Easy to manage, but chute handle is junk. The build quality of the Worx WG650 draws a few complaints; several owners say there's nothing holding the chute's crank lever in place, and the handle is prone to falling off completely. A few are also frustrated by "awful" assembly instructions. However, users love that the WG650 is so lightweight and easy to handle. At just 26.5 pounds, it's almost as light as the best-reviewed, 25-pound Toro 1800 Power Curve (Est. $320). "I do not stink like exhaust fumes when I'm done and it's so light. I have it hanging by one nail on my garage wall," says one owner.
This basic snow blower doesn't have much in the way of features -- no heated hand warmers, no in-dash headlight -- but the crank-adjust chute adjusts remotely through 180 degrees of rotation as long as the handle stays on. As is the case with most electric blowers, owners sometimes struggle with the extension cord. "Wish there was a harness for it or a pocket cord," writes one on SnowBlowersDirect.com. Others say it's not much of an issue: "After about 5 minutes it's a natural reflex to work [the cord]." We found a stray comment that the machine's a bit loud, but other reviewers call the WG650, like most electric snow blowers, nice and quiet.
Best for lighter snowfalls. The Worx WG650 clears an 18-inch path, and the manufacturer claims it'll throw snow up to 30 feet; owner comments tend to place it more in the 15-to-20-foot range. The blower performs well on a few inches of dry snow, but because the intake is just 8.5 inches tall, problems ensue when you try to work through anything deeper. That's nothing a determined owner can't address with a shovel and multiple passes, which some actually prefer.
Patience seems to be the key when operating this or any electric blower. As one Amazon.com user explains of dealing with 12 to 15 inches of wet snow: "I had to shave off the top 5 inches or so with the shovel, and then it worked fine. The snow was wet and heavy, so it was kind of hard to push the blower through it. It throws the snow pretty far, which is great."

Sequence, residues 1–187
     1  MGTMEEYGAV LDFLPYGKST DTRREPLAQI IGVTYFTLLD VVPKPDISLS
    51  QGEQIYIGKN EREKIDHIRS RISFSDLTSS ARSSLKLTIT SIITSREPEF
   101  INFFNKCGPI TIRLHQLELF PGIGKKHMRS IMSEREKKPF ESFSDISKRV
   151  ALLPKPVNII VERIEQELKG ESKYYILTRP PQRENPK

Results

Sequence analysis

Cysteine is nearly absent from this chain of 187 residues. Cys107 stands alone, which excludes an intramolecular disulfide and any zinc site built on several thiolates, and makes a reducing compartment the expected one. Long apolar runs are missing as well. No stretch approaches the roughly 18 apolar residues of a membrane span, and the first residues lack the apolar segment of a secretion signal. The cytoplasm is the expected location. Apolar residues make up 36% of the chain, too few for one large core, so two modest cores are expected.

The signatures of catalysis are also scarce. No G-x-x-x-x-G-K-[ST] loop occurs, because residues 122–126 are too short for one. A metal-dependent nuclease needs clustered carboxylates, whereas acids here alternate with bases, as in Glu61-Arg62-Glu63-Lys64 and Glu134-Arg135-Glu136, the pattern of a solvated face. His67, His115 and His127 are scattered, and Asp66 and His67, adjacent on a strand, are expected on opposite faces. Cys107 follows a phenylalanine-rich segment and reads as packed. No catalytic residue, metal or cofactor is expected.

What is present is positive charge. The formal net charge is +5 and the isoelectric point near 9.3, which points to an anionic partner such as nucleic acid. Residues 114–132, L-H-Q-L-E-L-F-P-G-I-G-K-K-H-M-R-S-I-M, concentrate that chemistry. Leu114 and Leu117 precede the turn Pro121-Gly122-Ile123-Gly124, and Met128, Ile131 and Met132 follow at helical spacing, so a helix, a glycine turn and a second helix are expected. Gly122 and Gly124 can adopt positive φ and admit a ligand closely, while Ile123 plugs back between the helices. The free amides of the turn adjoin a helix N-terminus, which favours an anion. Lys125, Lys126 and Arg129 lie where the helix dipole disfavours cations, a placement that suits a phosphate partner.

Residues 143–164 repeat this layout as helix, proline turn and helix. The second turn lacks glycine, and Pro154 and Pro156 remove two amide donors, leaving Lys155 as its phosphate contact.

Performance on packed berms isn't wonderful, but if there's a will, there's a way: "I just chopped it up with a shovel and dug in. It was a mess of snow slush and ice chunks. The little machine just chewed away at it. A couple of times the discharge chute got clogged with slush but cleared easily with a stick," says a user at SnowBlowersDirect.com.
It works, but quality is a concern. Simply put, this snow blower isn't built for clearing large areas, but not everybody's looking for the ultimate in 30-inch-wide snow-clearing power. A number of owners say they want nothing more than a lightweight, easy-to-maneuver, maintenance-free blower that'll eventually get the job done, and the Worx WG650 fits that bill. As one Amazon.com reviewer points out to others leaving negative comments, "maybe you were expecting too much."
Good About 80 users give the Worx WG650 4.2 stars out of 5 here, praising it for its light weight. However, they admit to using a snow shovel for assistance and making multiple passes when dealing with wet snow.
Review: Worx WG650 18-inch 13 Amp Electric Snow Thrower, Contributors to Amazon.com, As of September 2012
2. Snow Blowers Direct
Good At this site the Worx WG650 gets 4.9 stars out of 5 from about 20 owners posting comments. Most of them say the blower provides just the right amount of power, and can chew through even icy slush if you're willing to break it up with a shovel, then clear the discharge chute periodically.
Review: Worx (18") 13-Amp Electric Snow Blower, Contributors to SnowBlowersDirect.com, As of September 2012